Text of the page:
Spoilers might show up at the very end with no reason.
I’ve been self-sabotaging myself from watching anime. I will try to watch a show, and by that I mean I will put it on my queue and then avoid watching it because who has that kind of time. That’s when I end up in Montreal’s own ComicCon and Otakuthon to find everyone cosplaying and talking about characters I don’t recognize. To be honest, I was warned against watching this show but that just made the more curious. In retrospect I can say now that as long as you strap yourself in for a bit of rushed crazy anime twists, and this one is not the first series to do that, you’ll probably not throw your streaming device out the window. Probably.
Darling in the Franxx is a co-production of CloverWorks and Studio Trigger directed by Atsushi Nishigori and Toshifumi Akai and written by Nishigori with Naotaka Hayashi. It’s the distant, dystopian, future. A group of children grown up in a lab are groomed to become pilots of the FRANXX, giant mecha that require both a male and a female pilots to control. Their task is to protect their home, a giant mobile city that roams the deserts called Plantation 13. Their team, called Squad 13, must face off bio-mechanical monsters called Klaxosaurus. The children all have numbers instead of names with smaller numbers considered better.
Enter 016, who has named himself Hiro and has given actual names to his squadmates. Hiro’s partner has left and the very same day, the city receives the visit of a girl who is supposed to be a hybrid between humans and Klaxosaurus, Zero Two. Yes, unavoidably you’ll recognize a certain Evangelion-esque flavour to the show. The story is also riddled with very recognizable character tropes: the tsundere-like girl that wants to pilot just to kill enemies, the suicidal-like depressed lead male, the loudmouth annoyance, the squad leader that secretly loves the lead male but he will not realize this in a million years, etc.
All that being said, I have to say that it hooks you up from the get go. Yes, the show can be kind of trashy with its innuendo. You won’t agree with this when you first see it until a few episodes roll by where it becomes kind of blatant and then goes back to mecha fighting. There are some developments that will make your head spin as it goes from serious to comedic to really, really serious. We can talk about the changes in tone all you want (saving the last ones for last), but I think it does this in somewhat successful fashion it keeps you watching.
The series is really engaging and draws your attention with each episode surpassing the last. It does sink its fangs into you and doesn’t let go for the most part. I’m not that inclined to go full exposition here, because one of the things that the anime does very well is slowly reveal the world to you. That is, again, for the most part. In other words, it’s a very promising anime in style although it borrows from other creations but the character creation and the production are really high end until… Yeah, ok. Let’s talk about that final arc.
The change in style starts with a tonal shift where the character development switches to secondary characters, the combat stops and we suddenly seem to go slice-of-life for a few episodes. Then the show goes into some heavy handed exposition (courtesy of Dr. Franxx himself) that changes the entire plot and produces another antagonist out of the blue (or, should I say, pink). Besides the literal plot whiplash, the series does return to combat (which is what we expected and wanted) but it does so by moving the whole engagement to… space.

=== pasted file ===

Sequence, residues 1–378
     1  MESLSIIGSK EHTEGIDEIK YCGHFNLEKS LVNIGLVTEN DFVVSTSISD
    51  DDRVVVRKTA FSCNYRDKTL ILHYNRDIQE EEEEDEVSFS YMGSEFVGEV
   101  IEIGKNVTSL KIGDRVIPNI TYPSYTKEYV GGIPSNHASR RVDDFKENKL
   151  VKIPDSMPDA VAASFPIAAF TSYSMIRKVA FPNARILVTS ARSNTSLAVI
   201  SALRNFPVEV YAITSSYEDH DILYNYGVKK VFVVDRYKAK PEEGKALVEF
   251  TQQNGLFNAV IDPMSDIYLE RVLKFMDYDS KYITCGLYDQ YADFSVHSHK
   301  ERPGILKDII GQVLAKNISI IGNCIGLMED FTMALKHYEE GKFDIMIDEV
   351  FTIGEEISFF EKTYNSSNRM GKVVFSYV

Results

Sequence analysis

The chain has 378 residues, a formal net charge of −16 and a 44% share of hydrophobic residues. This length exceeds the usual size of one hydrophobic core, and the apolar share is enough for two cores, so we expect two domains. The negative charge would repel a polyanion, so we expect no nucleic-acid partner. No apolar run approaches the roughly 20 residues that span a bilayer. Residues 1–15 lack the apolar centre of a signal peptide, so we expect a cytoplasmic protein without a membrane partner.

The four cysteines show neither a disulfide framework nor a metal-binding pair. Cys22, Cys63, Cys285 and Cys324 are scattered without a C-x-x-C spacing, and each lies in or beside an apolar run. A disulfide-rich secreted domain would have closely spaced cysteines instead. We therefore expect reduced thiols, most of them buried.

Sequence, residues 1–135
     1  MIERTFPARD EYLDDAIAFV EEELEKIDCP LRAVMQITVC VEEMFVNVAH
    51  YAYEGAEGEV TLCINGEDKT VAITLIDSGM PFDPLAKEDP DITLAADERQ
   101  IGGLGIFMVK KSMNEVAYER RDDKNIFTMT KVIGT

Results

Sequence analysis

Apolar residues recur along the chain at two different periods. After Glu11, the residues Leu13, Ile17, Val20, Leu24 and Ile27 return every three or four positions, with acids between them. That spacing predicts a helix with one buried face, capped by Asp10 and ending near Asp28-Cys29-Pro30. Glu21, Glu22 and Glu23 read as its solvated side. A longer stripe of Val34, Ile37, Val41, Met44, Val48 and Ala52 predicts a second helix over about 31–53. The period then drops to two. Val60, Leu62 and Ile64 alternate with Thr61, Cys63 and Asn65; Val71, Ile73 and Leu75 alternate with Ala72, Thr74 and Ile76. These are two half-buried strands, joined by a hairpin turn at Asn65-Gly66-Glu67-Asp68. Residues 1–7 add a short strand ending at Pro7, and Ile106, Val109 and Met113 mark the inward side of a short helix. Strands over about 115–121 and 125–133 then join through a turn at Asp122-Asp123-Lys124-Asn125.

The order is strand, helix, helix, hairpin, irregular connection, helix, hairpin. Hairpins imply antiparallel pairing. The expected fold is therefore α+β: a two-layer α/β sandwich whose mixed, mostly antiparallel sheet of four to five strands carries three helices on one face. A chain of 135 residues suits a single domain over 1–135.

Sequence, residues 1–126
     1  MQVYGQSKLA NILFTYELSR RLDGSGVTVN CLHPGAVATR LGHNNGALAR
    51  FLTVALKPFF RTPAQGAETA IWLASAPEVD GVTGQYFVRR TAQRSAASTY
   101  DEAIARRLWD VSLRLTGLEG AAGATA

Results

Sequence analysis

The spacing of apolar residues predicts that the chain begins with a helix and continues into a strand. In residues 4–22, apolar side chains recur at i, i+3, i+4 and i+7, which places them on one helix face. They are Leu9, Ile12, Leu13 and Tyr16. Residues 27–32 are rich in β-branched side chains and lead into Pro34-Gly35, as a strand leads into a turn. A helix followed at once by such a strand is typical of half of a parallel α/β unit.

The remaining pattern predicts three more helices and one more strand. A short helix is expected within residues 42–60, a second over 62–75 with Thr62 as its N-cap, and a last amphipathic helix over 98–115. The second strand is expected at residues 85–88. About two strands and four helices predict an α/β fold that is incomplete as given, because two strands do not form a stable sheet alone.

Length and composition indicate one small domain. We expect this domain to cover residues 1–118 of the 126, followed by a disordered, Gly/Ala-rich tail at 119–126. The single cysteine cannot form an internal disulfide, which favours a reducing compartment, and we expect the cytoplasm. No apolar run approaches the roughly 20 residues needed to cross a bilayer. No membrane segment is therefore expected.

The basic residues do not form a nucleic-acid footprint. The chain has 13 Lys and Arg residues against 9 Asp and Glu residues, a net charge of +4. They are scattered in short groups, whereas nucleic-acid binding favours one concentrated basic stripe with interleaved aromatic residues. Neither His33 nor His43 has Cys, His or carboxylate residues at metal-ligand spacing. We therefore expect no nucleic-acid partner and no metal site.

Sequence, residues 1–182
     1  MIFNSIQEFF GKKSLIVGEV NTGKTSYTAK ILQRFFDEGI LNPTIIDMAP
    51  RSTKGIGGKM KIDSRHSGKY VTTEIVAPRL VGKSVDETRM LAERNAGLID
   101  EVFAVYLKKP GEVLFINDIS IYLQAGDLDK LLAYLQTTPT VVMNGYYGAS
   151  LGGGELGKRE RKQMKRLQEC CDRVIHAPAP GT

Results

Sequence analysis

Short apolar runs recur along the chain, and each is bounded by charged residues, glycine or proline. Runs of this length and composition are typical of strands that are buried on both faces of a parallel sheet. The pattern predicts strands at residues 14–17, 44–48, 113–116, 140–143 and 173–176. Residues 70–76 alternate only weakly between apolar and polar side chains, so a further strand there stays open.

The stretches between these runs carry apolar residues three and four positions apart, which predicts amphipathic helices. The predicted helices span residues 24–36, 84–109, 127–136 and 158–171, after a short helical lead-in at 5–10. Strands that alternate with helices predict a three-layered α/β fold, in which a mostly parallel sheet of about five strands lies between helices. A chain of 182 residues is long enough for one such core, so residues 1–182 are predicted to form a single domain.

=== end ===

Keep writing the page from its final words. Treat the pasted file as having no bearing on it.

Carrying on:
Yeah, in the space (sorry…) of a few episodes, Darling changes the scenario. I want to believe that the careful planning and the layered exposition of the first fifteen episodes were supposedly going in the direction of a satisfactory payoff with the confrontation against APE (the SEELE-like organization that funds and runs everything). Then something happened and suddenly an idea that was probably only half-baked for a potential second season was brought out too soon and too fast to end the show. I wish they’d left themselves an opening to continue instead of fast-forwarding to an epilogue and a conclusion. Despite all that, I don’t think that completely writes off the show.
Recommended with some reservations. It’s not like this is the first anime that jumps the shark at some point. Most of the episodes are pretty solid, although I cannot defend some of the choices made but then again, anime tends to have some weirdness non-pc mixed in. It will not be everyone’s cup of tea, but I think it was enough of an anime “thing” to be considered watchable. Then again, I kinda avoid the big three top shows in popularity so take what I say with a grain of salt. Watch it for the mistakes, watch it to know what people are criticizing, but most of all watch it because it’s kind of awesome and engaging at first and although some of the developments are downright laughable, they still very much belong to a long tradition of anime stories that shift from awesome throughout most of their run to an over-the-top ending that makes you go: What the Franxx did I just watch?
That will do for now.
It’s really interesting. The intro switch was symbolic. The first, the red intro was symbolic to Zero Two using Hiro and still wanting to find her original Darling. The second, blue intro was symbolic to Zero Two finally having found her Darling and being happy that she’s reunited. She became more vulnerable which is also why Zero Two and Hiro were depicted as naked in the second intro, when in the first intro Zero Two was still covered in her coat, but it slowly coming off symbolized her still holding her emotions back and only testing Hiro.
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